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The Bears Followed the Rams' Blueprint, but Will They Shock the NFL?

Brad Gagnon@Brad_Gagnon NFL National ColumnistSeptember 5, 2018

Chicago Bears head coach Matt Nagy, left, speaks as general manager Ryan Pace looks on at a news conference during an NFL football training camp in Bourbonnais, Ill., Thursday, July 19, 2018. (AP Photo/Nam Y. Huh)
Nam Huh/Associated Press

Under a tired head coach who was essentially a lame duck (and his interim replacement), the 2016 Los Angeles Rams lost a dozen games.

Under a tired head coach who was essentially a lame duck, the 2017 Chicago Bears lost nearly a dozen games.

That four-win Rams team had a highly touted rookie quarterback in Jared Goff, but Goff wasn't ready to become an elite signal-caller.

That five-win Bears team had a highly touted rookie quarterback in Mitchell Trubisky, but Trubisky wasn't ready to become an elite signal-caller.

The 2016 Rams also lacked the weapons needed to support Goff, though they did have a hot young running back in Todd Gurley.

The 2017 Bears also lacked the weapons needed to support Trubisky, though they did have a pair of promising young running backs in Jordan Howard and Tarik Cohen.

What did the Rams do? They hired an energetic, young offensive guru to replace their stale head coach and brought in a wise, seasoned defensive coordinator to compensate for that new head coach's lack of experience. They also invested in several talented free agents to better support their novice quarterback.

That should sound familiar to those in or near Illinois' Cook County, because it's basically what the Bears did this offseason.

Matt Nagy is their Sean McVay, and the returning Vic Fangio is their Wade Phillips. While the Rams upgraded their offense with Andrew Whitworth, Sammy Watkins and Robert Woods, the Bears did the same with Allen Robinson II, Taylor Gabriel and Trey Burton.

If the Rams went from worst to first in points scored and won 11 games and the NFC West crown, the Bears could jump from a bottom-five offense to a top-five unit and win double-digit games and the NFC North crown.

A recently as last week, the counterargument would have been that Chicago didn't have its version of 2017 Defensive Player of the Year Aaron Donald, who dominated up front for Los Angeles.

Enter 2016 Defensive Player of the Year Khalil Mack, whom the Bears acquired in a blockbuster trade with the Oakland Raiders on Saturday.

Jeffrey T. Barnes/Associated Press

"We're paying a guy $141 million, we're trying to win now," defensive end Akiem Hicks said Monday, per JJ Stankevitz of NBC Sports Chicago. "You're definitely behind a move like that. It's exciting to see that although we've added so many pieces such as Allen Robinson, Taylor Gabriel—we've added all these guys, then we've got a present on the defense. It's awesome."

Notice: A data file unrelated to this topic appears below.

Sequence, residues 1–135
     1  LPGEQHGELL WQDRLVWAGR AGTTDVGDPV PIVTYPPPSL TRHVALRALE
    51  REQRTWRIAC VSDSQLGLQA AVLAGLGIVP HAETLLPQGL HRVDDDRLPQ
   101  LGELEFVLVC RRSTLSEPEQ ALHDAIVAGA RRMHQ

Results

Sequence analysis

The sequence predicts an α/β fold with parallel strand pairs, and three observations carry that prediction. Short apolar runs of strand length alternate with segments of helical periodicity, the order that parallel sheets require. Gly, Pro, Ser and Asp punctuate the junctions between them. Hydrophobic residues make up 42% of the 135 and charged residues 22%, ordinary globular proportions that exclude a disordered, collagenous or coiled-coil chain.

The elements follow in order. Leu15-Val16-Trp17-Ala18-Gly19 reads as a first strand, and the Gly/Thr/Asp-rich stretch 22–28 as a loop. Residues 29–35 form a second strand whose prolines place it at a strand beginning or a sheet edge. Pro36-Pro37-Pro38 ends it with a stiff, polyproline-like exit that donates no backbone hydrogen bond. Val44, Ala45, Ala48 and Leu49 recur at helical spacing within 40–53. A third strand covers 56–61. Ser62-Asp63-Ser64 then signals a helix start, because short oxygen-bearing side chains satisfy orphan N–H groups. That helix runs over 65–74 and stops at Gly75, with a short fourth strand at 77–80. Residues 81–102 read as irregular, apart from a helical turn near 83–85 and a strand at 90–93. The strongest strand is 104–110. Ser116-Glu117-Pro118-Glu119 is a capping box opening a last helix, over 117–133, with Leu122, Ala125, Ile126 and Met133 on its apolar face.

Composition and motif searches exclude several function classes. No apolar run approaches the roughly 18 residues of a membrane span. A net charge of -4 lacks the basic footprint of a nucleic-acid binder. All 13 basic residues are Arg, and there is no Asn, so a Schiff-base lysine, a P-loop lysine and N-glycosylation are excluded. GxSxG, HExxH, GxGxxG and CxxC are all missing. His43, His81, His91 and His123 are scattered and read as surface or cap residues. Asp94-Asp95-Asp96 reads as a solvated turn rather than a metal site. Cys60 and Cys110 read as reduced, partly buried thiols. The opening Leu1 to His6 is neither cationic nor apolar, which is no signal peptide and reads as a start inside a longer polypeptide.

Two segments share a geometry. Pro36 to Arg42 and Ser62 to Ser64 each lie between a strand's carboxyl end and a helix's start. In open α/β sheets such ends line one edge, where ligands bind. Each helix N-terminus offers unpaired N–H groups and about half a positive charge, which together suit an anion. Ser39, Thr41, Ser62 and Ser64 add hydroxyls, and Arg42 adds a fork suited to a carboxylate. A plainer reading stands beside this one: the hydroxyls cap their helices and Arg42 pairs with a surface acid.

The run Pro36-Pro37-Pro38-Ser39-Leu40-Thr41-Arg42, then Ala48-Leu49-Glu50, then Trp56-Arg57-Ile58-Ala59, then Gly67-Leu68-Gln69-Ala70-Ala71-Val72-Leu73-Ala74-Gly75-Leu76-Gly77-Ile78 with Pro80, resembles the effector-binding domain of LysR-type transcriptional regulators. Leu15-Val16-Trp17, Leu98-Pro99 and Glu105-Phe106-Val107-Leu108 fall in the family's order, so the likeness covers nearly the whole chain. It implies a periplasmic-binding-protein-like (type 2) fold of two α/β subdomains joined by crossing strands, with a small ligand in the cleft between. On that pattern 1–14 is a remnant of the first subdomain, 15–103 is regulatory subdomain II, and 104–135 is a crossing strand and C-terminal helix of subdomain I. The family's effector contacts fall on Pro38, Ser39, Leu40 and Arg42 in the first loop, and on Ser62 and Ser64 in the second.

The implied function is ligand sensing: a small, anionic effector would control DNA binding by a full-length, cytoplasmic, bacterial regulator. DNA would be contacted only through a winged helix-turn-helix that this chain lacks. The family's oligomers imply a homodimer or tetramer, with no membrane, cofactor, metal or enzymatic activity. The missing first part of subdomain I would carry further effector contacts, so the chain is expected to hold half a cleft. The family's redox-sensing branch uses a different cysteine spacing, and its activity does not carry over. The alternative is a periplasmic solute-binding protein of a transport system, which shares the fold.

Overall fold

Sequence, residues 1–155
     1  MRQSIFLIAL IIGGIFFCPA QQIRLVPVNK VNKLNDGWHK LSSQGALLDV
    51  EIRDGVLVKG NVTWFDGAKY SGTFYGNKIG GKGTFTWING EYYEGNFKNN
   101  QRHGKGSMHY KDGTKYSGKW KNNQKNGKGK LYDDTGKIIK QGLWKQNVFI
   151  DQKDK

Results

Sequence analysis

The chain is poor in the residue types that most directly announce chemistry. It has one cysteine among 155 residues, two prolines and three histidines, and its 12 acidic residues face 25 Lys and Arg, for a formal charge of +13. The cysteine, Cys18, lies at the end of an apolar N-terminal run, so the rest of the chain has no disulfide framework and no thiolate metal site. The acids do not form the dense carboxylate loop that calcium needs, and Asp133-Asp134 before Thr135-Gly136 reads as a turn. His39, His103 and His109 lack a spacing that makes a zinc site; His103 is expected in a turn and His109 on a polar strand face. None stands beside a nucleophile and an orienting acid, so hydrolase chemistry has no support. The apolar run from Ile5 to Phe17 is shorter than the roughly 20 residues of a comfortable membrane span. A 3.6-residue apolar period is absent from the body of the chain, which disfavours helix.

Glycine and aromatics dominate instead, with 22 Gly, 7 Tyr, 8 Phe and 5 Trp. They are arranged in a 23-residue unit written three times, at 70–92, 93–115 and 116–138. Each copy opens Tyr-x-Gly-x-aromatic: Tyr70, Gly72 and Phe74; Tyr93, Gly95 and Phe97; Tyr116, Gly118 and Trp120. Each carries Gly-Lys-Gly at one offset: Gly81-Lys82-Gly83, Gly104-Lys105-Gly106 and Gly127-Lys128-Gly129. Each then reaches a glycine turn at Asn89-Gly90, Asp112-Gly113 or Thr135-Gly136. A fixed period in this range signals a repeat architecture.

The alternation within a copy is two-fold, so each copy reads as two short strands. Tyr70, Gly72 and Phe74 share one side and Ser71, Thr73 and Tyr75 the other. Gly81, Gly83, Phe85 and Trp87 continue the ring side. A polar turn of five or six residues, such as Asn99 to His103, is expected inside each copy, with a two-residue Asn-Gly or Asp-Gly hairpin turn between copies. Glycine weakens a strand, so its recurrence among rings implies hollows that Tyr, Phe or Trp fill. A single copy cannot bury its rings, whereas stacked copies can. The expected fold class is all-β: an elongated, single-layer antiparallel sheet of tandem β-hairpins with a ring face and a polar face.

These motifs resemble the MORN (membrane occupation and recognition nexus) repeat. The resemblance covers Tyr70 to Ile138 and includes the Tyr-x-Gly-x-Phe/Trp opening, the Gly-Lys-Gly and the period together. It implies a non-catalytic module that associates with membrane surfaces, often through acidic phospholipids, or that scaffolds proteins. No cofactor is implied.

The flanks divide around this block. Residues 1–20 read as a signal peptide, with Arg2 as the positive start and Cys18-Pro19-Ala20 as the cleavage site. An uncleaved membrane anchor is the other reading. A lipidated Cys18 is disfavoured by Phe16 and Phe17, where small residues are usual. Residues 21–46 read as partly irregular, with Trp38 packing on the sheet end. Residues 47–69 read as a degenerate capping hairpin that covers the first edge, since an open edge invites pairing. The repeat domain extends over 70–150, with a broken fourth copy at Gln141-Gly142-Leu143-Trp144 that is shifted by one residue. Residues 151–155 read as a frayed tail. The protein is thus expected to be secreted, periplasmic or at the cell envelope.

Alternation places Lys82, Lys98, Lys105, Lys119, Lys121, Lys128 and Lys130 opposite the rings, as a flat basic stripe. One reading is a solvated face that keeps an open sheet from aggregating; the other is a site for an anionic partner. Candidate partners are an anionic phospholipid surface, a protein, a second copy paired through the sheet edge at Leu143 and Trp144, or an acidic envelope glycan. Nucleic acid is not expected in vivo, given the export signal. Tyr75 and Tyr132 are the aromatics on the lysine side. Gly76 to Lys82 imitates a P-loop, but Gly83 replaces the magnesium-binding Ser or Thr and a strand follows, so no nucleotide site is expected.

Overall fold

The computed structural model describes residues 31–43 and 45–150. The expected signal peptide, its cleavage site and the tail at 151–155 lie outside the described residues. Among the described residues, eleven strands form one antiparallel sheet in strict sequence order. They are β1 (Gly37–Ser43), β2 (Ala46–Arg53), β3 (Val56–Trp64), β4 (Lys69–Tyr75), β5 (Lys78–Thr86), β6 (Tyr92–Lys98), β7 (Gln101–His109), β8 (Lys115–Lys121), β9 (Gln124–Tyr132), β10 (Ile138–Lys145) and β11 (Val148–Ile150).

With Mack and Fangio, the Bears have their Donald and Phillips, which could be a game-changer for a defense that ranked in the top 10 last season. Donald has a lot of support with the Rams, but with superb young safeties Adrian Amos Jr. and Eddie Jackson, solid cornerbacks Kyle Fuller and Prince Amukamara and the talented Hicks, Leonard Floyd, Danny Trevathan and Roquan Smith in the front seven, Chicago could have one of the league's top defenses.

Of course, Trubisky still has to come through the way Goff did; Nagy still has to deliver the way McVay did; and Mack, Fangio and Co. still have to come together the way Donald, Phillips and Co. did. Otherwise, this Bears team will amount to nothing more than a knockoff version of the 2017 Rams. And even if all those pieces fall into place, the NFC North looks like it'll be a tougher mountain to climb than the 2017 NFC West.

But remember what everyone thought about L.A. at this point last year.

Even after those offseason changes, most power rankings had the Rams in the bottom eight. Five of six experts at CBS Sports had them winning five or fewer games. Pro Football Focus ranked them as the second-worst team. One preview—albeit from Seattle Seahawks site Field Gulls—proclaimed in July that the Rams were "doomed." That same month, a headline in the St. Louis Post-Dispatch declared, "Fear not, the Rams remain horrendous."

There's undoubtedly more optimism about the new-look Bears on Sept. 5, 2018, than there was about the new-look Rams on Sept. 5, 2017.

So don't rule anything out. Trubisky had a much better rookie season (59.4 completion percentage, 6.6 yards per attempt, 77.5 passer rating) than Goff (54.6, 5.3, 63.6), and just last year Alex Smith was the league's highest-rated passer in a breakout season under Nagy's tutelage. Neither Howard nor Cohen is Gurley, but they can provide Trubisky with more than enough balance. The offensive line might not be as steady as L.A.'s, but the receiving corps might be more dangerous and the defense might be better.

Nam Y. Huh/Associated Press

And now Chicago has Mack.

Despite all the Bears' improvements prior to their acquisition of the 27-year-old three-time Pro Bowler, few gave them a chance before the trade. But as David Haugh of the Chicago Tribune wrote on the afternoon of the deal, "Suddenly, nothing else previously published or aired about the upcoming season is relevant."

The Bears are now in the top 20 in power rankings all over, including here at B/R and at NFL.com. And that's probably because they've followed the Rams' blueprint, almost to a T. This is a copycat league for a reason, so don't be shocked if the Bears pull a 2017 Rams in 2018.

      

Brad Gagnon has covered the NFL for Bleacher Report since 2012.

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